Synopses & Reviews
In this widely popular classic - a morality tale of a starving orphan caught in the grinding jaws of poverty and fought over by opposing forces of Good and Evil - Dickens creates a powerful social satire that illuminates the cruelty of Victorian England's New Poor Act.
About the Author
Philip Pullman is the author of the bestselling fantasy trilogy His Dark Materials. His other books for children and young adults include three Victorian thrillers featuring his popular heroine Sally Lockhart. He lives in Oxford, England.
Reading Group Guide
1. Oliver Twist
has been called a social satire, a melodrama, a cheaply sentimental novel, and a masterpiece. How would you categorize the novel and why?
2. Some critics have observed that Oliver Twist is merely a passive pawn in the deadly match between good and evil. It is further stipulated that the “good” characters, such as Mr. Brownlow and the Maylies, pale in comparison to the villains Fagan and Bill Sikes. Do you agree? Which characters are the most vivid and why?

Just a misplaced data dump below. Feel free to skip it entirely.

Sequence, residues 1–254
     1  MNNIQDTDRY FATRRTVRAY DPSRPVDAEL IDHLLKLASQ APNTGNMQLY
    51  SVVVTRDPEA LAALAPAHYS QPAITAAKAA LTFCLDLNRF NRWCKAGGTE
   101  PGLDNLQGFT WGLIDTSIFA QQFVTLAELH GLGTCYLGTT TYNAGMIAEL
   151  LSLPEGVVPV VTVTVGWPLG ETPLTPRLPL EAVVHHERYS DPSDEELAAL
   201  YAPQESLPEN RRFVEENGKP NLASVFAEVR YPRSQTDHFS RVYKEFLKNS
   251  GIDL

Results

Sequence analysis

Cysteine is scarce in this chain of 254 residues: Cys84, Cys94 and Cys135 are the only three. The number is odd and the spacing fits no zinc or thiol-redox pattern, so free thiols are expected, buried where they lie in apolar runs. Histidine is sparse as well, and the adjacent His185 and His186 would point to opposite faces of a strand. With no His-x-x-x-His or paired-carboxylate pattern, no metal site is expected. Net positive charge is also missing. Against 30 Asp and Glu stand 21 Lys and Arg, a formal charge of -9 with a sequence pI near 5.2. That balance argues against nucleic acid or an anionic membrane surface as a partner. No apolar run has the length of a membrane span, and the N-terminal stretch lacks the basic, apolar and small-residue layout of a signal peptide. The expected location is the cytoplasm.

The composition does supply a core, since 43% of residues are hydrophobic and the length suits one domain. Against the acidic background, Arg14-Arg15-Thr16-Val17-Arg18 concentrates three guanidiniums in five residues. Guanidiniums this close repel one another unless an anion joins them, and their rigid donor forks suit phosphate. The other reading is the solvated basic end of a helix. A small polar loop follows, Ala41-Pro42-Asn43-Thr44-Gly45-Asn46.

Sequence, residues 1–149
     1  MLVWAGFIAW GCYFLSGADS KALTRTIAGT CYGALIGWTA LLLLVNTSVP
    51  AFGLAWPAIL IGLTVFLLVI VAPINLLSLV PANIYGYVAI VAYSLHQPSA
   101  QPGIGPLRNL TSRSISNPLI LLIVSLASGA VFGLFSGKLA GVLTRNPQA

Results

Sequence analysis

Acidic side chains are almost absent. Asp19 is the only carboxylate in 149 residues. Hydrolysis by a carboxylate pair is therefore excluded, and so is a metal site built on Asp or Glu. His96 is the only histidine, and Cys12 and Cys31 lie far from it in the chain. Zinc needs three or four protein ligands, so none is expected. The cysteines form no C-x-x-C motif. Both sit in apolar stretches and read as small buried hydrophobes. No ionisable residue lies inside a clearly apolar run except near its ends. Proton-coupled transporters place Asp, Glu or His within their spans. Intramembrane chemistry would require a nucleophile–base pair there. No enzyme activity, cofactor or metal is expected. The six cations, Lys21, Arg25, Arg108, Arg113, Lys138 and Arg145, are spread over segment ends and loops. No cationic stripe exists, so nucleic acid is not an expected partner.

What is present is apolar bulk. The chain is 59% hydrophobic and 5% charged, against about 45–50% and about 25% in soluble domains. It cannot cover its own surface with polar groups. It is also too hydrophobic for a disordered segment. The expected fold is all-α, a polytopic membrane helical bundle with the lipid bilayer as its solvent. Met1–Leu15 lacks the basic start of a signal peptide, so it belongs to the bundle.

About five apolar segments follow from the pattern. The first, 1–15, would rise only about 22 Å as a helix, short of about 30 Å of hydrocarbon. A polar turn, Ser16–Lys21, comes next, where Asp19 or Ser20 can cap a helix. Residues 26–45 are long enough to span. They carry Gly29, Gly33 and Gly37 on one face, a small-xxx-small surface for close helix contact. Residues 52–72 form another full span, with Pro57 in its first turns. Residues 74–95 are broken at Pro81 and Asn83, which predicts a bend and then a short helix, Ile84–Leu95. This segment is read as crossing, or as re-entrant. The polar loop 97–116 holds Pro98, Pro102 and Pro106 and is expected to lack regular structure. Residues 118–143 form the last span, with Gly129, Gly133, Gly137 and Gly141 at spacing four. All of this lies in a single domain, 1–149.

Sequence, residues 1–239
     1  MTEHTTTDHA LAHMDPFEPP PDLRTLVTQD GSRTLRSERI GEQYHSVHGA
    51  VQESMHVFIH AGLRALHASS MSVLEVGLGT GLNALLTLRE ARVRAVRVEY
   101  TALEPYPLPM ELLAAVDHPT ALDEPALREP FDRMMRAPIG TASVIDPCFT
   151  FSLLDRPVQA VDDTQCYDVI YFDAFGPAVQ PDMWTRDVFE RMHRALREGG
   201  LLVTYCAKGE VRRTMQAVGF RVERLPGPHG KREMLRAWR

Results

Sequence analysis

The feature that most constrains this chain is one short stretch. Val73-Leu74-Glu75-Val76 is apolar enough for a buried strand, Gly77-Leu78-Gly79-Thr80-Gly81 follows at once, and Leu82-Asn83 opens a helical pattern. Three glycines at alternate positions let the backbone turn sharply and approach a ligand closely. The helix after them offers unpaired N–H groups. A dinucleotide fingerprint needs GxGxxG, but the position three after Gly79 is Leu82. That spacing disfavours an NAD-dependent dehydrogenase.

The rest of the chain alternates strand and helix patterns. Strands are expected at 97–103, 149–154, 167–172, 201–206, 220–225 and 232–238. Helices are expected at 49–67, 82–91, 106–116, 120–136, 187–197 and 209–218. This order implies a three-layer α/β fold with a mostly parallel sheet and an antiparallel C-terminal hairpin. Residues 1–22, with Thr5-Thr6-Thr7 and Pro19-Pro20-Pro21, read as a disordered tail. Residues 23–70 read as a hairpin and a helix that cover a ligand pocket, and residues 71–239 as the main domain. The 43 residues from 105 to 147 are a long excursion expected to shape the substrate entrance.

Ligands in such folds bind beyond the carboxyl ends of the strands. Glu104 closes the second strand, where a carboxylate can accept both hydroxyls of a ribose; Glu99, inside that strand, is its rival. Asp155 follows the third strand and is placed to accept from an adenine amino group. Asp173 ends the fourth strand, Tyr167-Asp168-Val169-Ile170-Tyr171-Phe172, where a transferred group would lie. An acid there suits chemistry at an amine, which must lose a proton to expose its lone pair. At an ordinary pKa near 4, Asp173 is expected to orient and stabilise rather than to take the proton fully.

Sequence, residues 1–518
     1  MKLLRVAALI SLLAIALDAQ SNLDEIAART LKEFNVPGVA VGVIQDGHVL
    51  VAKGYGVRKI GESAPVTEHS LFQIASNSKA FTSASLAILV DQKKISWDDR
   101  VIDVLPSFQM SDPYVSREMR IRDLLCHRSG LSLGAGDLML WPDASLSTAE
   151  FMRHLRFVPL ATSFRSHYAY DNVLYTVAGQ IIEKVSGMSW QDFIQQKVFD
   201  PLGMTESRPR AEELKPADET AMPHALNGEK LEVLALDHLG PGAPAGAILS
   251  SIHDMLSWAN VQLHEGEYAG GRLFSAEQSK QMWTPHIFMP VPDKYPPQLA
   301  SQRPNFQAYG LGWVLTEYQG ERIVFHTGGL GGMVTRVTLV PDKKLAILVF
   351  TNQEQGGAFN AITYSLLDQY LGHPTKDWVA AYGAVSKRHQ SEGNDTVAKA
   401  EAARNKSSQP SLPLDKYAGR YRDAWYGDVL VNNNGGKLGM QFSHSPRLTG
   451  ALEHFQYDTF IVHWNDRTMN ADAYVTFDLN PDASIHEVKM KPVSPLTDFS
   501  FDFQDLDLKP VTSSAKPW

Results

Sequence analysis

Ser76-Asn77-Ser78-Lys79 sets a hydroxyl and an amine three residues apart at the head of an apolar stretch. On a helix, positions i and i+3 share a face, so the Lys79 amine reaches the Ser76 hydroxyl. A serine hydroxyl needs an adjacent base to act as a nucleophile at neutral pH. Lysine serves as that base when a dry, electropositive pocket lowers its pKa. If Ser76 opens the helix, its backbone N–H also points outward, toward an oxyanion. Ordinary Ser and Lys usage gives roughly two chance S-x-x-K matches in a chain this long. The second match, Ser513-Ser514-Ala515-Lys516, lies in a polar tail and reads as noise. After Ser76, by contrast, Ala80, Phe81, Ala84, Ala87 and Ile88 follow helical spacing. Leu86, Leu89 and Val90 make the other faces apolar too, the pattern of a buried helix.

3. According to the novelist George Gissing, “Oliver Twist had a twofold moral purpose: to exhibit the evil working of the Poor Law Act, and to give a faithful picture of the life of thieves in London.” How effective is Dickens in capturing these two worlds and what is the relationship between them? How does the author use social satire to advocate social reform?
4. In The Authors Preface to the Third Edition Dickens staunchly defends his decision to depict low-life characters in a realistic manner. Drawing on the authors arguments, what can you glean about Victorian sensibilities at the time Oliver Twist was published?
5. In 1863, a reader chided Dickens for his anti-Semitic portrayal of Fagin. Dickens responded, “If there be any general feeling on the part of the intelligent Jewish people, that I have done them what you describe as ‘a great wrong, they are a far less sensible people than I have always supposed them to be . . . Fagin, in Oliver Twist, is a Jew, because it unfortunately was true of the time to which that story refers, that that class of criminal almost invariably was a Jew.” Should novelists be held accountable for invoking negative stereotypes? Can you think of additional examples of stereotypes in classic literature? Discuss.